Louisville chef Geoffrey Heyde is starting his own restaurant.
Heyde was most recently executive chef at SET at Theatre Square, and prior to that, he was executive chef at Village Anchor Pub & Roost and Owl Creek Country Club. Heyde told Insider Louisville that he’s wanted to start his own restaurant for years.
“I looked at several places in the last few years, but none of them came to fruition,” he said, noting that they were too costly or it wasn’t the right time for him personally.
But when Michael Ton, owner of the now closed Basa Modern Vietnamese restaurant, reached out, Heyde was ready.
His concept Fork & Barrel is slated to open in late March in the former Basa at 2244 Frankfort Ave. Basa shut its doors at the end of last year.
The name of the restaurant had been distilling for a while. Heyde said he and a friend had come up with the name for a restaurant that never came to be, but he liked what it said about his new concept opening on Frankfort.
“I felt like it was a name we could use anywhere, not that I have huge aspirations to open 25 of these,” he said. “I wanted something that was homey.”
Fork & Barrel is “upscale, refined American with a focus on local ingredients and Southern hospitality,” said Nick Sullivan, the restaurant’s chef de cuisine. Sullivan formerly worked as chef de cuisine at The Oakroom and 610 Magnolia.
The menu is about 80 percent done. Heyde and Sullivan stayed mum about specific dishes, but Sullivan said it will include dishes that appeal to most everyone with seasonal vegetables and meats such as lamb, pork and beef. Fork & Barrel also will have regular featured items.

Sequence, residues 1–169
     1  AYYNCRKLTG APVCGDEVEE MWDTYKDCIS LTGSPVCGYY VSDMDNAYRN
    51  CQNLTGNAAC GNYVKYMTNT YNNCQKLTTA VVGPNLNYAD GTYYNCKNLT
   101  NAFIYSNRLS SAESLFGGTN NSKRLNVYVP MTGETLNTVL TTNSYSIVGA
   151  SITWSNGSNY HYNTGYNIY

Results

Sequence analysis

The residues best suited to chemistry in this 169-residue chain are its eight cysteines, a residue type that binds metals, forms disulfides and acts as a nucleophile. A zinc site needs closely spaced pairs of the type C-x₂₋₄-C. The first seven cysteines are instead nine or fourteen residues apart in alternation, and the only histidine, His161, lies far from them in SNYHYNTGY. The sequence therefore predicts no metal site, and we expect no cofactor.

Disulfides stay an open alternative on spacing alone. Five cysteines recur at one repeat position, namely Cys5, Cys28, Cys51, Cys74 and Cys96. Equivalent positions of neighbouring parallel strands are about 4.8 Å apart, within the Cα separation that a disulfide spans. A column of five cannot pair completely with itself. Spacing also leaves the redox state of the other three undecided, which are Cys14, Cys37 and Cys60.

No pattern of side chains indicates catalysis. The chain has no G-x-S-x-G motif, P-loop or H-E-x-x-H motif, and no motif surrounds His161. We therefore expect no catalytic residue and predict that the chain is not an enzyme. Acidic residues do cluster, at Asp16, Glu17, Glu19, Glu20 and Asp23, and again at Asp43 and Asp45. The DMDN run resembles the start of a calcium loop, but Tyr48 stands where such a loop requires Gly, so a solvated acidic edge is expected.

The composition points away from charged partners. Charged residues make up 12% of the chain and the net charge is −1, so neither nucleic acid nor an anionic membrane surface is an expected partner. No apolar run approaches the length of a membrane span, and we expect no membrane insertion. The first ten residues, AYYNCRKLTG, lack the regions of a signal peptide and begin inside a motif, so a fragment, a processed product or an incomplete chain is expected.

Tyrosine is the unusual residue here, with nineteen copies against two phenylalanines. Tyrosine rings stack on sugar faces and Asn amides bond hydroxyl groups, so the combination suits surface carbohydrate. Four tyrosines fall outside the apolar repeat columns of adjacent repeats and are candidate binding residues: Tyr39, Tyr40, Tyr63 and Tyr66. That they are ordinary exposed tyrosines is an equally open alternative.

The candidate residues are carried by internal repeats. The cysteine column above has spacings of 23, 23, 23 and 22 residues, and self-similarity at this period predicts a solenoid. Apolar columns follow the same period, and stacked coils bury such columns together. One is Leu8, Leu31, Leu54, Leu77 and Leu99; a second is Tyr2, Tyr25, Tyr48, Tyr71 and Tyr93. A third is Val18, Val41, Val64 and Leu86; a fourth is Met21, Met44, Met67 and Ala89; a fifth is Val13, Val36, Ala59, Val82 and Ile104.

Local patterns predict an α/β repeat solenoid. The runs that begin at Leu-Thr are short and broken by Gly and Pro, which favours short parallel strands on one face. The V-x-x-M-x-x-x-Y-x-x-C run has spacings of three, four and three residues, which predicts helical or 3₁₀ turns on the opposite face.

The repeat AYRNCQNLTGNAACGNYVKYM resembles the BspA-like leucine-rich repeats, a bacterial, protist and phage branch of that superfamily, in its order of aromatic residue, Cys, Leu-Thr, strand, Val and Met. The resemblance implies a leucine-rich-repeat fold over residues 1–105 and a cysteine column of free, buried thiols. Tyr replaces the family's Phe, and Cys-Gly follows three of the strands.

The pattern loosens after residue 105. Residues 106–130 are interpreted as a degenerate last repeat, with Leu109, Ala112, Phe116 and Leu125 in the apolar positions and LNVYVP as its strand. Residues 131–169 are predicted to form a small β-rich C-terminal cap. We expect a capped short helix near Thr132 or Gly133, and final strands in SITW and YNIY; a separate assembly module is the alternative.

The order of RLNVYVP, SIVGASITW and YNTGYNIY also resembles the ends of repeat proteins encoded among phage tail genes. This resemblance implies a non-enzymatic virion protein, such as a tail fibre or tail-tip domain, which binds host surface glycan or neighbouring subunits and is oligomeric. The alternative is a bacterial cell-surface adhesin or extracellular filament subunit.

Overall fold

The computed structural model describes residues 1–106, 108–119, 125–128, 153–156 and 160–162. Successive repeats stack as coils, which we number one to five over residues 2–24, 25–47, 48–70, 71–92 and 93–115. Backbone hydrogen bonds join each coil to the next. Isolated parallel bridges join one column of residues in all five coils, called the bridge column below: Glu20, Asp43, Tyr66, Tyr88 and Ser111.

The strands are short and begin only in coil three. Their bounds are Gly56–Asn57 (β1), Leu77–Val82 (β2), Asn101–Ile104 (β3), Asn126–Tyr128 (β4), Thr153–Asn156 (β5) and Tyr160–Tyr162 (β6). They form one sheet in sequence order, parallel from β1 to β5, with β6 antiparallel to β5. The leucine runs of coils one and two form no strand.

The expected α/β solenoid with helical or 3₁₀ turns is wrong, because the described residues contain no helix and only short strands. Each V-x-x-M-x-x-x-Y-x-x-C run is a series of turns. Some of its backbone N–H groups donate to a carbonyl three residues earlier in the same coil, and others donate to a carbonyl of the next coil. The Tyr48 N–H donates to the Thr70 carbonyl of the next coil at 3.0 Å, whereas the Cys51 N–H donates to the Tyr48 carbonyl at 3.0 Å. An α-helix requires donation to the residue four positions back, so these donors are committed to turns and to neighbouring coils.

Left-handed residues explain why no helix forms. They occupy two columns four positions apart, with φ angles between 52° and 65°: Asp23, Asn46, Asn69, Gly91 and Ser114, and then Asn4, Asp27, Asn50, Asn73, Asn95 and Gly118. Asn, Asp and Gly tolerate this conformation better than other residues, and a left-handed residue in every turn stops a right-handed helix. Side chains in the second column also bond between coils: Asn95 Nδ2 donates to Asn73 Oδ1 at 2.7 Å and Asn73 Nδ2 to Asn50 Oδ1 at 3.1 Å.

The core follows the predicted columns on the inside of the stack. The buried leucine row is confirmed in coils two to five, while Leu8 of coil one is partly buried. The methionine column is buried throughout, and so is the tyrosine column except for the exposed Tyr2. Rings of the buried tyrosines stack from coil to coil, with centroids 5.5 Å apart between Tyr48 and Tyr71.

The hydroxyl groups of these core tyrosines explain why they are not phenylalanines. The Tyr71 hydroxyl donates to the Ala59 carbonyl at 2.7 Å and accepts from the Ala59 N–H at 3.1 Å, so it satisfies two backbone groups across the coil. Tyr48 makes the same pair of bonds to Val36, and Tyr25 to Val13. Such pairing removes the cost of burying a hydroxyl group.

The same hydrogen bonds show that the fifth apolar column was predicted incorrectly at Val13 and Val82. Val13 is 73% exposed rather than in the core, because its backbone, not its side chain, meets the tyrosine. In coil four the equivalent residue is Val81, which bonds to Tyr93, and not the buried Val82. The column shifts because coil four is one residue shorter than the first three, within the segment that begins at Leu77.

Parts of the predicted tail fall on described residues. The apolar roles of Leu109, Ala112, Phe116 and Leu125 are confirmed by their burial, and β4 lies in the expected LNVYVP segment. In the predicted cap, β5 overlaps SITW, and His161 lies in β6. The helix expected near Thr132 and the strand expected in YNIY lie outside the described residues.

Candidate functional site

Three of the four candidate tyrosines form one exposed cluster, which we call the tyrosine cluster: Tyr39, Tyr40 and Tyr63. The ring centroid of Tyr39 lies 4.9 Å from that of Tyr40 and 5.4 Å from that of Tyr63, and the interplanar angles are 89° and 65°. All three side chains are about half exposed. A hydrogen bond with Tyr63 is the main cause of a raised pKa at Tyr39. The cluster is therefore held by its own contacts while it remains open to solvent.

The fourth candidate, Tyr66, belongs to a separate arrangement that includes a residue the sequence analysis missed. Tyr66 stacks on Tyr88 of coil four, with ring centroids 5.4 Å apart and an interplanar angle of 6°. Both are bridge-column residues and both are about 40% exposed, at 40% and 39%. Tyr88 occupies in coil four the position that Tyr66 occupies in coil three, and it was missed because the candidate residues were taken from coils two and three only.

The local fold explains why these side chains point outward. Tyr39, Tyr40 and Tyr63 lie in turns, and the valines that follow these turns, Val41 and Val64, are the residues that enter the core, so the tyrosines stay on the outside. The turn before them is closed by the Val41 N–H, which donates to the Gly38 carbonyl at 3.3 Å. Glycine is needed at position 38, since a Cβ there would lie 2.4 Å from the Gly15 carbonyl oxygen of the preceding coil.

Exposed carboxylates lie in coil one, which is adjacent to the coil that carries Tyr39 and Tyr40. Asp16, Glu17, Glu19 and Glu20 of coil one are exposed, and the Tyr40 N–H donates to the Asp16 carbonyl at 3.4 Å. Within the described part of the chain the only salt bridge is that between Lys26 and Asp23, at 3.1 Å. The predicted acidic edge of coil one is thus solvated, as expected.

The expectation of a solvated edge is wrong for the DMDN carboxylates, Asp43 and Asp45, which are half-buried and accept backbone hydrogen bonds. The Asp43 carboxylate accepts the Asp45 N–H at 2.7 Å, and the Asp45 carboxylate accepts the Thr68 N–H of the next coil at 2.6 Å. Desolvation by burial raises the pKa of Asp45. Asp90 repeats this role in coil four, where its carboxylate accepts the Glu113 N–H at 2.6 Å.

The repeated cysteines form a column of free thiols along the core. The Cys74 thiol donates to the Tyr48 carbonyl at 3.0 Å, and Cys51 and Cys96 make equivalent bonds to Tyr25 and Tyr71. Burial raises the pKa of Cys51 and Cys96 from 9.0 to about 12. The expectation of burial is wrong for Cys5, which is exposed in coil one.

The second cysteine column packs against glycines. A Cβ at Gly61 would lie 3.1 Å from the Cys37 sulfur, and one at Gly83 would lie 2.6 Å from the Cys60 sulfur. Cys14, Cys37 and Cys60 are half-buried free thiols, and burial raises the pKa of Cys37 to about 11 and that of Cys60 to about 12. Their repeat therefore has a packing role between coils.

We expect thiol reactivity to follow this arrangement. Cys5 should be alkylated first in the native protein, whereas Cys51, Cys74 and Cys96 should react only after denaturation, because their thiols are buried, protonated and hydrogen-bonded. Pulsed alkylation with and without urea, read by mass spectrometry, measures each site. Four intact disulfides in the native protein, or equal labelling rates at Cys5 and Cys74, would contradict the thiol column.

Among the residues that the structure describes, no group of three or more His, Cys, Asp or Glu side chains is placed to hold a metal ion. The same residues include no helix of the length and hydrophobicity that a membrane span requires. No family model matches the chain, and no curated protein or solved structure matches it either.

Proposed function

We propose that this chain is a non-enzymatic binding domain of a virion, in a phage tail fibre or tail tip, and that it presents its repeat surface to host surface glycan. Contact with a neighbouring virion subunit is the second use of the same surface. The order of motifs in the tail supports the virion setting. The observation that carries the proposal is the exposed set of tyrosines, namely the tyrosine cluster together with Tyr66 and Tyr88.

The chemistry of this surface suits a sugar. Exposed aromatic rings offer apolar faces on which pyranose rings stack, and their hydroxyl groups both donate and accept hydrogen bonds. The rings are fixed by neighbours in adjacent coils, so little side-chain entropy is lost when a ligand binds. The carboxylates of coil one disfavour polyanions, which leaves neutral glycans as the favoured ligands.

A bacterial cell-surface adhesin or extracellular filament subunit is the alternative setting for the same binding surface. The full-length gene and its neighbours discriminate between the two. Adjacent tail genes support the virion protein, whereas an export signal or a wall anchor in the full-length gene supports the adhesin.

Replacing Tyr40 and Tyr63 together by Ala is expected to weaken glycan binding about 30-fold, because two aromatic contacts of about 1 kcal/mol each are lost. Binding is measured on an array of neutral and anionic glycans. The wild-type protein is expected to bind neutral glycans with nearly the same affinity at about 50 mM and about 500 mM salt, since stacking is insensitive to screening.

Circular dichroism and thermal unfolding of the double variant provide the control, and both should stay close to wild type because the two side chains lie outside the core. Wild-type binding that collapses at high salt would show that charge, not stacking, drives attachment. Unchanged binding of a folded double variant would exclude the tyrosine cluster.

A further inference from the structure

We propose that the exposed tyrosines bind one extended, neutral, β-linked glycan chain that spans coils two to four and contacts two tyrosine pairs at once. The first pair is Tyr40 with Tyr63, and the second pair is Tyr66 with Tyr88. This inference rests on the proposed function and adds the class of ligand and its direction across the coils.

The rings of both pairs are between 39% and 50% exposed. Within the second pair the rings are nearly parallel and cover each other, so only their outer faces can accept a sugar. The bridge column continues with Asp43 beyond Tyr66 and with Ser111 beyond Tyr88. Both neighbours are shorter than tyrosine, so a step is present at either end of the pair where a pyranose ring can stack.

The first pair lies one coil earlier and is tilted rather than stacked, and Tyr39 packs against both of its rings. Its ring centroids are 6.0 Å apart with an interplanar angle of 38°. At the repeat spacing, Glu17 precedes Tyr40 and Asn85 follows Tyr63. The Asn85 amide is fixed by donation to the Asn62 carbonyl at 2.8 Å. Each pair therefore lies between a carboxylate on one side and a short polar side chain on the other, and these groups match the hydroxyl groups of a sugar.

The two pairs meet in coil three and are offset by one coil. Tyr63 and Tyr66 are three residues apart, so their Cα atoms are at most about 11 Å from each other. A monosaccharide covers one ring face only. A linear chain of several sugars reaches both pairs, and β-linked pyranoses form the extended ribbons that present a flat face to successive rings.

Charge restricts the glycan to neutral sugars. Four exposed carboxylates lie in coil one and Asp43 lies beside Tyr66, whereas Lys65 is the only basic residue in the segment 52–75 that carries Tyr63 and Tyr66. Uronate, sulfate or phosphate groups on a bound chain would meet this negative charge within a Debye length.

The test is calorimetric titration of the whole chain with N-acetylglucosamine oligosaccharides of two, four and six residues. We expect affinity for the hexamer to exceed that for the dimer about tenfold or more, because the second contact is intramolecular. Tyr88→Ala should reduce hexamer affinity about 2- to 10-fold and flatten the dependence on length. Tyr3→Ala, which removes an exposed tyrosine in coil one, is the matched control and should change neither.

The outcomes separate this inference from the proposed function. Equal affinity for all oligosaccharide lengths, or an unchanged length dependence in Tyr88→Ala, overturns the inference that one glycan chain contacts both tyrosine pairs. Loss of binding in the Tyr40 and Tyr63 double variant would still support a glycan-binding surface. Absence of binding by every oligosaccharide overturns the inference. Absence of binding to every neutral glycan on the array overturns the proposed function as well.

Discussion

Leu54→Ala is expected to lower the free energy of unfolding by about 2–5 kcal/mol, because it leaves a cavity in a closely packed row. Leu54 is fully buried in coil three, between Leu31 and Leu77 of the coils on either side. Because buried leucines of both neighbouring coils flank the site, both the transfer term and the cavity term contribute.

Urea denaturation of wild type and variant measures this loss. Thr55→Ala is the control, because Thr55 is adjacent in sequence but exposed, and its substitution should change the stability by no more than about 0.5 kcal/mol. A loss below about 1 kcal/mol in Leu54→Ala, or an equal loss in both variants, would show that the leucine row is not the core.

“I think we are going to be in a niche of our own,” Sullivan said.
Heyde said he wants Fork & Barrel to have an accessible price point, to be a place where people can come a couple of times a week. The average check will be about $30 a person, he said, adding that people will be able to stop in for a drink and appetizer or a four-course meal.
“There are a lot of restaurants here in Louisville. I want to give somebody the opportunity to come back and try something else,” Heyde said. “You will have an elevated level of service, but we aren’t gouging people.”
Fork & Barrel will seat 80 people, which includes seating at an 11-foot, live-edge oak and maple table for communal dining.
The building is still under construction, but already, the restaurant has a Southern, rustic feel as some of the walls are covered in the same reclaimed wood as the bar, pictured above. The light is changing; a banquet is being added along one of the walls, and the kitchen is being completely redone.
“We didn’t want to walk into a space and have people say ‘This is still Basa,’ ” Sullivan said.
The bathrooms are being completely redone as well.
“It felt like you were walking into an outhouse before, but to be fair, Basa was successful for 11 years,” Heyde said, noting that the building is undergoing a complete overhaul with a price tag of a couple hundred thousand dollars.
Heyde is currently hiring kitchen and front-of-house staff. He expects to employ 20 people.